9. The movie stayed pretty true to the story, except for the ending. In this aspect, I like how, instead of leaving the audience wondering if Justin was killed or not, we know that Justin and the rest of the rats live. I also liked that they killed Nicodeamus. I liked Nicodeamus, don’t get me wrong, but I thought his character’s death benefited the story so much more than the hypothetical death of Justin. Again, assassination of a political figure is a huge thing to tackle for a kids movie, but the film did it well. The movie as a whole was a lot more violent, which is fine by me because it made the film a lot more exciting, which brings us to the last item on our list…

10. The movie’s ending was a million times more exciting than the book. In the book the rats sort of just move Mrs. Frisby’s house, carry out their escape plan, and then it ends abruptly. In the film they throw in the element of the cinder block home, with Brisby’s kids still inside of it, starting to sink in the mud, thus implying that the kids she’s trying to save may very well die. At this plot point I actually found myself clutching my face going, “Of course this is going to end well, but holy fuck, how are they going to get out of this alive!?” That, to me, is the sign of a good film.

I guess now I can talk about the very, very few things about the film that didn’t enthrall me. There are only three things that come to mind as of right now:

  1. The film could’ve been longer. Yeah, I said it. I would’ve loved a more fleshed out telling of it, with even more mystique and magic to it. I wouldn’t have minded if they branched off further from the book and added in more elements to the story. But hey, it’s a kid’s movie, so I understand the need to keep it short and to the point.
  2. I do think the pendant, when used to save the kids, was kind of a cop out. Still more interesting than what happened in the book, but I think more attention should’ve been drawn to Mrs. Brisby not understanding the pendant’s use throughout the film, so there would have been a bigger pay off when she finally understood she needed it to save her children. It was given to her early on, but she didn’t talk about it again at all until the end of the film when she uses it to save the day. It just felt random and, gah, I guess it’s the screenwriter in me that wants more justification for the pendant being there (and an explanation of how Jonathan even got a fucking magic pendant in the first place).
  3. I loved Mrs. Brisby’s classic red shawl (a throw back to the book),  but when it came to the rats, I’m sorry, but some of them were dressed really silly. They were wearing tunics. And robes. And wigs. Jenner had on a cape. A fucking cape. I guess it was to reflect how far they’d come as a human-like society, but I could not take it seriously that the farmer had never spotted a rat before and gone, “Huh. I wonder why that rat is wearing  a cape. And is carrying a sword.” On that note, I should also say that the rats sword fighting was a little goofy. Don’t get me wrong, the pay off of the sword fight was important (when the one rat threw a dagger at Jenner I fist pumped the air), but watching it I had an eyebrow cocked the whole time, thinking to myself, “… Huh… Sure… Okay… I guess I’ll play along..” Honestly, the one purpose I truly saw of the sword fight was that it made Justin an even more attractive awesome character.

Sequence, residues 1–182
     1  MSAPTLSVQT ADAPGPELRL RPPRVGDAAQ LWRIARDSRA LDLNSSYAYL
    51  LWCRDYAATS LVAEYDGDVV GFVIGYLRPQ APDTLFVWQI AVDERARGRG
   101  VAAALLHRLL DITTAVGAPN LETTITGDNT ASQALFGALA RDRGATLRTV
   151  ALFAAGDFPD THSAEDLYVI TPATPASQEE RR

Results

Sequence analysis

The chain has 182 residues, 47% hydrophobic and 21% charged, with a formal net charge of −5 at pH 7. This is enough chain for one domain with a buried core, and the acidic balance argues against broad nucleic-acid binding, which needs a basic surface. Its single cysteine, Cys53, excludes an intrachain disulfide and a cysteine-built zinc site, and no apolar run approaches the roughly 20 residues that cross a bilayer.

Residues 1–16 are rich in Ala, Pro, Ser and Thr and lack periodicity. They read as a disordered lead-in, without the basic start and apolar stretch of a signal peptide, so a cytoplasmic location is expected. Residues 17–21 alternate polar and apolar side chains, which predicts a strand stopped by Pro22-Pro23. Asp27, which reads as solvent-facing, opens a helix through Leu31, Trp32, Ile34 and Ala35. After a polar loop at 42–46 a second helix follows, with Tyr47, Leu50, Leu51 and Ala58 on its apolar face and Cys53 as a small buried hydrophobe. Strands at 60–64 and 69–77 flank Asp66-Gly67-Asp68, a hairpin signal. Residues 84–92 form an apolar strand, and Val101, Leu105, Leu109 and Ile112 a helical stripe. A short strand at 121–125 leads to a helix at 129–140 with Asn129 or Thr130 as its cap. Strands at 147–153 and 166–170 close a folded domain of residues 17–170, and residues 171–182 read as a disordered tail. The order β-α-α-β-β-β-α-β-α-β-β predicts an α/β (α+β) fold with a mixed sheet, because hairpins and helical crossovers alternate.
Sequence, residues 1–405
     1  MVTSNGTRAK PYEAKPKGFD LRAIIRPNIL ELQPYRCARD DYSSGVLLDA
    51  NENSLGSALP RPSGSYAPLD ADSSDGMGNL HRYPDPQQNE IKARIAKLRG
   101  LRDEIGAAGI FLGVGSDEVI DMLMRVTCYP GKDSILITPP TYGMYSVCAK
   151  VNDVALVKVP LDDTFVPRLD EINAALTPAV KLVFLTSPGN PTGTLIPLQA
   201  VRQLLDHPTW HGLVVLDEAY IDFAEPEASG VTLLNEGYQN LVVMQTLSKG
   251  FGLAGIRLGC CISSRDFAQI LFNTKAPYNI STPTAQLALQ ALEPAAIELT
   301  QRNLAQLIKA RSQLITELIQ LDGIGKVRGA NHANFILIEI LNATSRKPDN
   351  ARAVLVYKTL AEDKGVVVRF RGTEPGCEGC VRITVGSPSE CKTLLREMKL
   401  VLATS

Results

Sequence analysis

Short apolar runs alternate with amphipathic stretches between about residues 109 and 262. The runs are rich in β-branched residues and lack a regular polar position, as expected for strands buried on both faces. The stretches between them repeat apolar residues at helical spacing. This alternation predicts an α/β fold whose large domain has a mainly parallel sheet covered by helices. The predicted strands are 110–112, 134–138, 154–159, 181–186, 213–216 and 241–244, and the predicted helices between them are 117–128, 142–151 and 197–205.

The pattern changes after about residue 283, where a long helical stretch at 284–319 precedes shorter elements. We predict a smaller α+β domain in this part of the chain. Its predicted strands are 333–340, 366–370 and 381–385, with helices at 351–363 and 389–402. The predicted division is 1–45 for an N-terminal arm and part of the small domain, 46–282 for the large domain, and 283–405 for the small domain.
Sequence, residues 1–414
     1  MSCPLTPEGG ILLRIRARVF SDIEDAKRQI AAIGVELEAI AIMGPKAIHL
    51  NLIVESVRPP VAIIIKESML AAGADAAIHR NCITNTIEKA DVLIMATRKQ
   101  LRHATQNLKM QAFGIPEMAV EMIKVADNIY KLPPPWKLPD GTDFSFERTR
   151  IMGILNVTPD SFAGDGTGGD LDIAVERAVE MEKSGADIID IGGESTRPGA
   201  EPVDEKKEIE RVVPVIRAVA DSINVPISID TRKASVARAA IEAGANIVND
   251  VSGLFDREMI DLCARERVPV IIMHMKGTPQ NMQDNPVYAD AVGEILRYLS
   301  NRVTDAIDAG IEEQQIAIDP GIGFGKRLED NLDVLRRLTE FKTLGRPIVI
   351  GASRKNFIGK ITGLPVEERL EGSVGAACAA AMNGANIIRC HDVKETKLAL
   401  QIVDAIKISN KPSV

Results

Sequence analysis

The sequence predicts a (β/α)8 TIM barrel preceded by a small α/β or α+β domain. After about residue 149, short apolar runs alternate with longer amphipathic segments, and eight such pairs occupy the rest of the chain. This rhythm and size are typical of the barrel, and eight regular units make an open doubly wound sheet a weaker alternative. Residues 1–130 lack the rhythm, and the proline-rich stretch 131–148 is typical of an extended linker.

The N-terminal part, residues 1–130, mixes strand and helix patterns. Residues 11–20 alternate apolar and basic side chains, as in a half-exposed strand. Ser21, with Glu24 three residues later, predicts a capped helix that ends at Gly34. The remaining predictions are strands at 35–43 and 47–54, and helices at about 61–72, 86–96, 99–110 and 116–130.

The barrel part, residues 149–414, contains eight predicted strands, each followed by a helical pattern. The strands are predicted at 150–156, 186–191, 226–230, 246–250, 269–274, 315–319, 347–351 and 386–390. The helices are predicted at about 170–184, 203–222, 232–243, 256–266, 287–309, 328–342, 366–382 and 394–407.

So, do I like the story of NIMH? After reading all the above it should be obvious that, yes, I do, like the story when it’s delivered in the right medium. I don’t think it was intended to be a kid’s story, or at least not a kid’s story written by Robert C. fucking O’Brien. I realize a kid’s story is how it was originated, but the material works so much better on film. Actually, you know, I think NIMH has great potential to be rewritten as a story aimed towards adults, not kids. I would’ve loved a darker, more gritty aspect in my reading. Hell, I would’ve loved more back story if it had been more fucking interesting. Not to mention it would’ve been nice to get some more exposition on Mrs. Brisby’s life, some more adult humor (any humor would’ve been nice, actually), and a more lavish use of language. When it comes down to it, as I’ve stated throughout this entry, that was my number one problem with the book. The way it was written. It’s as though Robert C. O’Brien thought to himself, “I wonder if I can take this really interesting story idea and write about it in the most boring use of the English language as possible.” Mission accomplished, Robert. You succeeded.

And you know what, if it came out that they were going to do a remake of NIMH someday, I would not complain. If a future film followed in the footsteps of the first film, added more depth and darkness to the story, and made it longer? I’d be totally down for that movie existing.

A friend asked me this morning if it’d be a waste of time to read the book, and honestly, that’s not up for me to say. I know I’ve spent this entire entry complaining about how the movie is far better than the book, but I do still respect the bones of the story. Robert C. O’Brien laid out a really wonderful story, despite his dull style. This is all also my personal opinion. I have friends who really love the book. Plus, as another friend pointed out, “If there had never been a book, there never would have been a movie,” which is a very good point.